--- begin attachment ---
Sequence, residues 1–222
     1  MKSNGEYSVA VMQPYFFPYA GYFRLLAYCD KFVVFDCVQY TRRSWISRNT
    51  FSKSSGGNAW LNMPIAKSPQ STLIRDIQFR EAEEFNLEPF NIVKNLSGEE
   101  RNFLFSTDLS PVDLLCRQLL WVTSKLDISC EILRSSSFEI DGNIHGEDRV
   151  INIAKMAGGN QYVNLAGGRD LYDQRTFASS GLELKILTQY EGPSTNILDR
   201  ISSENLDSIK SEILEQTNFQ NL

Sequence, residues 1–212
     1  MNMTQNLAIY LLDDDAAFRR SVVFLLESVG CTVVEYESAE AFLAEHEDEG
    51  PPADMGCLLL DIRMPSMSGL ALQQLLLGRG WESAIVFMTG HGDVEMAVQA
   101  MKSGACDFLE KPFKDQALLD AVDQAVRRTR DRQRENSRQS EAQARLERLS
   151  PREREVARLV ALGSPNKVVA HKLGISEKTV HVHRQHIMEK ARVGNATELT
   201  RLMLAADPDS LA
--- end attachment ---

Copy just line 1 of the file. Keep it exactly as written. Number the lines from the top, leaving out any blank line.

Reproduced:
Sequence, residues 1–222